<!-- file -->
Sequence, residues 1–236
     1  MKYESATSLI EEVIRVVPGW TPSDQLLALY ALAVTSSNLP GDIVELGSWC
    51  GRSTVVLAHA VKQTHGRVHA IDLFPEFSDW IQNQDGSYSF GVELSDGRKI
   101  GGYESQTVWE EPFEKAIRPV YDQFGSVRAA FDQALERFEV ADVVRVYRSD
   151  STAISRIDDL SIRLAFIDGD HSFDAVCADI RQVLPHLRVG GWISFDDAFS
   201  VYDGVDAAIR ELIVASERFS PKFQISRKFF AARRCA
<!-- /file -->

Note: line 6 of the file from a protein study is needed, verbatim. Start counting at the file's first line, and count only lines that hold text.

   201  VYDGVDAAIR ELIVASERFS PKFQISRKFF AARRCA